Lightfoot dismisses Trump’s latest funding cut-off threat as ‘more hot air’
Lightfoot noted the president has no power to yank federal funding from school systems that embrace the New York Times’ 1619 Project and are using it to study the history of slavery and racism in the United States.
Mayor Lori Lightfoot on Tuesday dismissed as “more hot air” President Donald Trump’s threat to yank federal funding from Chicago and other school systems that embrace the New York Times’ 1619 Project — which reframes U.S. history through the lens of slavery.
In yet another provocative presidential tweet, Trump proclaimed the U.S. Department of Education would be “looking at” claims that California plans to use the 1619 Project to teach students about America’s history of slavery and highlight the contributions of African Americans.
Trump was responding to a Twitter claim that California had “implemented the 1619 Project into the public schools” and declared: “Soon you won’t recognize America.”
The president responded: “They will not be funded!”
During a news conference to mark the opening day of remote learning at Chicago Public Schools, Lightfoot was asked whether Trump can legally defund school systems adopting the 1619 Project.
“No. It’s just more hot air. … The President has no power to try to take funding from any school district. And if he does, obviously we will see him in court,” said Lightfoot, a prominent Joe Biden supporter who has engaged in a running and bitter war of words with Trump.
“We’re a democracy. And in a democracy, we do not hide or erase our history. The 1619 Project was one that Dr. [Janice] Jackson and CPS embraced. We think it’s critically important that young people of all races and ethnicities and backgrounds understand this important part of American history.”
A few months ago, the City Council approved a resolution championed by the Black Caucus honoring Nikole Hannah-Jones, the New York Times reporter who won the Pulitzer Prize for the 1619 Project.
CPS last year encouraged school administrators and teachers to implement the 1619 Project into their lessons and provided schools with free copies of the New York Times Magazine’s special edition. Some students have since started to learn America’s history of racism and slavery through the project.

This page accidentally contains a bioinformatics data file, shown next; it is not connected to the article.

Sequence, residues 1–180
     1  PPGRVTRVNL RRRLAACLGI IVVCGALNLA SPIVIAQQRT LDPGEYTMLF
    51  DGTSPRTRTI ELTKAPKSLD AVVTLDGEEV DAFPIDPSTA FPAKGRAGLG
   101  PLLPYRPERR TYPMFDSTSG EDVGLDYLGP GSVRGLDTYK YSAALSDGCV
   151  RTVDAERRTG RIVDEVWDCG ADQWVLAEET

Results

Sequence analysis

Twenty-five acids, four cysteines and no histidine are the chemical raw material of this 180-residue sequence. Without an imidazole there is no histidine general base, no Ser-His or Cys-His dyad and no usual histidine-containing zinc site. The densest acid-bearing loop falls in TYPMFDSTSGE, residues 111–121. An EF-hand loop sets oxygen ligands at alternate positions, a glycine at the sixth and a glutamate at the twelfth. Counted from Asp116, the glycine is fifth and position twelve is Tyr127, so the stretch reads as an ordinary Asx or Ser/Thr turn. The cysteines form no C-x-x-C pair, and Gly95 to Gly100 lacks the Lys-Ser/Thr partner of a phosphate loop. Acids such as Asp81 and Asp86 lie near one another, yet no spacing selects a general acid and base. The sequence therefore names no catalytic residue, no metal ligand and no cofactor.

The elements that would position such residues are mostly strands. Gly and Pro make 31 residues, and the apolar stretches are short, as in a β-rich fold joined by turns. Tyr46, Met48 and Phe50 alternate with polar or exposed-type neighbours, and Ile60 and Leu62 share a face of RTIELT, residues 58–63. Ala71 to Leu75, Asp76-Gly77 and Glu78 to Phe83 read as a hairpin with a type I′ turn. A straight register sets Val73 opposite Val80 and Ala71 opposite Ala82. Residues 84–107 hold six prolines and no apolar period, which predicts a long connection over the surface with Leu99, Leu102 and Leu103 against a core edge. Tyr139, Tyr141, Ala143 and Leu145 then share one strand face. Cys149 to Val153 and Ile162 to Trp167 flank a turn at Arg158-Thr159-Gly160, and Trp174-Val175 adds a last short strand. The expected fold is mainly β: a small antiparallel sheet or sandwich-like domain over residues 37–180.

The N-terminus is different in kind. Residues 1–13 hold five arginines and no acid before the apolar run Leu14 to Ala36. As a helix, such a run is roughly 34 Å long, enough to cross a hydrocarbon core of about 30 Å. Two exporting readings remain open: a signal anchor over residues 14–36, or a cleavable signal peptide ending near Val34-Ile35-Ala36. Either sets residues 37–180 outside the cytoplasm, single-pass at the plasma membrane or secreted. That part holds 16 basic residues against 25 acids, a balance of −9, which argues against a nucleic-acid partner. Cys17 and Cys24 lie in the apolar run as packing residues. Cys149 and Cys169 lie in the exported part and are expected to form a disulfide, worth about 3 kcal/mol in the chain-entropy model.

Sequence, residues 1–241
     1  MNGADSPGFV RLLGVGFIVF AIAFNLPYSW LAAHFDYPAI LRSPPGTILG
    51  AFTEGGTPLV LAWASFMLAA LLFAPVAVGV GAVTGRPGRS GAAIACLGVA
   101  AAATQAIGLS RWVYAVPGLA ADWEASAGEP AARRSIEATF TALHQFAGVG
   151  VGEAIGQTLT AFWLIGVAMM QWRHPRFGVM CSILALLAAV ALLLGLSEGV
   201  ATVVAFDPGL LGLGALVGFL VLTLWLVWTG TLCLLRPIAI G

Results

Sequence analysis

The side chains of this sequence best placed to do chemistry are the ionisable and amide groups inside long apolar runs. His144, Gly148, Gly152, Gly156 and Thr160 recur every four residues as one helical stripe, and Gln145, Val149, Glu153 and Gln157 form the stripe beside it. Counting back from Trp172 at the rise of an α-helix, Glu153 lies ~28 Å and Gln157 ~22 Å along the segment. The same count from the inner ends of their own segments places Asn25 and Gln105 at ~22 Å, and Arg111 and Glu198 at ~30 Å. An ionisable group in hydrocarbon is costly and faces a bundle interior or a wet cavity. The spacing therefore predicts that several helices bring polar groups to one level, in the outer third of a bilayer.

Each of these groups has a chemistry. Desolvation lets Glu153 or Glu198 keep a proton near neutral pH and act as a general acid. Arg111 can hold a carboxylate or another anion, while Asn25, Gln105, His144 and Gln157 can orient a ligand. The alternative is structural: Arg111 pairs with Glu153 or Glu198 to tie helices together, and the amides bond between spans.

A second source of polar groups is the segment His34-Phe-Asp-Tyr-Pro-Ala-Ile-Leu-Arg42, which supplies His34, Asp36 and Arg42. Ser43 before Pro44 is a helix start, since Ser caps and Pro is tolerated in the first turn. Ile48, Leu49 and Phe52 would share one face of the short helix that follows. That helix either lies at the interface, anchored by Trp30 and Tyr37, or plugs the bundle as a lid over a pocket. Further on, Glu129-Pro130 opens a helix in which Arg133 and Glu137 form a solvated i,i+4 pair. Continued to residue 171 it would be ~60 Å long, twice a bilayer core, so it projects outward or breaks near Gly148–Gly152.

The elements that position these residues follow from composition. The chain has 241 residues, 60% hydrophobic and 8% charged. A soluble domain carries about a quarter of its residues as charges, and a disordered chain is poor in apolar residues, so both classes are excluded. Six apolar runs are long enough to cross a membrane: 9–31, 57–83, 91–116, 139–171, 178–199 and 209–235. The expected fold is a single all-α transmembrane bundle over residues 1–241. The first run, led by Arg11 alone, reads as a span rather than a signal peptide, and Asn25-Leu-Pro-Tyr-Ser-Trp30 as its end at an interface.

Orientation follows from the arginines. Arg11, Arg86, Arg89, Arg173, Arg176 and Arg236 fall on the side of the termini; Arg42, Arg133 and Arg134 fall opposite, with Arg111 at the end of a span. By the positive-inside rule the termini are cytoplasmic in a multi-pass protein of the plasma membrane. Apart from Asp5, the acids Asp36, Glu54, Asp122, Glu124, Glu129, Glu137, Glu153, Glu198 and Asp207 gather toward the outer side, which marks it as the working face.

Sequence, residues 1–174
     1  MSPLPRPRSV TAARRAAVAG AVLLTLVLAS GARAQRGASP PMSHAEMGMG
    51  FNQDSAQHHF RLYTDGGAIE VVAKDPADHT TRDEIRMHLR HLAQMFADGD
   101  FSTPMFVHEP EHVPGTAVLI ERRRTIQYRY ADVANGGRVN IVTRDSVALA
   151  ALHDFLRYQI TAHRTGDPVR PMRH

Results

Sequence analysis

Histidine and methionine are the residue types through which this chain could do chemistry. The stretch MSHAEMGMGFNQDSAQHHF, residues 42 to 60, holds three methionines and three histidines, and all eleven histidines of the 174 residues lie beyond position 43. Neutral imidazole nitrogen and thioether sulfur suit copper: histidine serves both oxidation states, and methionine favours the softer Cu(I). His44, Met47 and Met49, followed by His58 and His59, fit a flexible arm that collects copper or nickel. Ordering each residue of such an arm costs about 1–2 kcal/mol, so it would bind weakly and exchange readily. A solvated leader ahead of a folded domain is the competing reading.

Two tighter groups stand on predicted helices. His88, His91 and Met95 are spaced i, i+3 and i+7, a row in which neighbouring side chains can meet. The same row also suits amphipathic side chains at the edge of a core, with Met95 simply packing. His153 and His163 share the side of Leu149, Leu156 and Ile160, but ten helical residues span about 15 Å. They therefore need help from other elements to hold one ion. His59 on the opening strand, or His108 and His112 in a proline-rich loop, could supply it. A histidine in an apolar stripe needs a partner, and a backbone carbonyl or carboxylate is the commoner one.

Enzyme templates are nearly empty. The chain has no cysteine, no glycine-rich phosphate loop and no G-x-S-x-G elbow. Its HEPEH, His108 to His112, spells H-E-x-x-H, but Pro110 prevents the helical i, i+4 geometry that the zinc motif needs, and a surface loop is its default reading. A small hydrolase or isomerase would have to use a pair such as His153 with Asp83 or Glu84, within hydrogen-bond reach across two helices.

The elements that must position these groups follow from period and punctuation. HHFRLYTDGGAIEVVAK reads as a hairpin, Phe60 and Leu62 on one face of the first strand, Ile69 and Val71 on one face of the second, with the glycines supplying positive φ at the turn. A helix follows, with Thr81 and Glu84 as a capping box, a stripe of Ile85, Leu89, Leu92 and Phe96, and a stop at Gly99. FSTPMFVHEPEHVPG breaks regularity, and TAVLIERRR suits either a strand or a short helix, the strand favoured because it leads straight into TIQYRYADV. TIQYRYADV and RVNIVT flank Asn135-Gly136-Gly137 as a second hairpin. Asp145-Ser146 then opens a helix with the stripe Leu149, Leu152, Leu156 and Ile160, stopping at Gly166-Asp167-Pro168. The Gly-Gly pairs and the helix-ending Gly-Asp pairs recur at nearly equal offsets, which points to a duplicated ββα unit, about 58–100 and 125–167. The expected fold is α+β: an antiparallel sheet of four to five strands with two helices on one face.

Hannah-Jones, explaining the importance of teaching that history in schools, told the Sun-Times in June in the midst of racial justice protests that “I don’t know that a place like Chicago is ready to take on segregated housing, segregated schools, and those larger structural issues that lead to so much disadvantage. But I’ll also say, if you don’t understand the architecture that created and maintained them, then we certainly won’t. So that knowledge has to come first.”
Mayor not happy with huge CPD settlement
Also on Tuesday, Lightfoot joined Chicago aldermen in bemoaning the $3.8 million settlement being paid to a veteran police officer who was transferred to a midnight shift patrolling what she called an “unsafe neighborhood” after reporting a fellow officer had verbally and physically threatened her at work.
Indicted Ald. Edward M. Burke (14th) was even more outraged after First Deputy Corporation Counsel Renai Rodney confirmed during a Finance Committee meeting what LauraKubiak’s attorney had told the Sun-Times: the code-of-silence case could have been settled seven years ago “at no cost to the taxpayers,” simply by putting Kubiakback on the job at News Affairs.
“We need to make sure that we do better to make sure that officers who are reporting misconduct have the support that they need to be able to do that,” the mayor said.
“That is why we were heartened at the gains that we made in the supervisors’ contract around anonymous reporting. And we’re gonna continue to fight that fight as we sit at the bargaining table with the FOP.”
Contributing: Nader Issa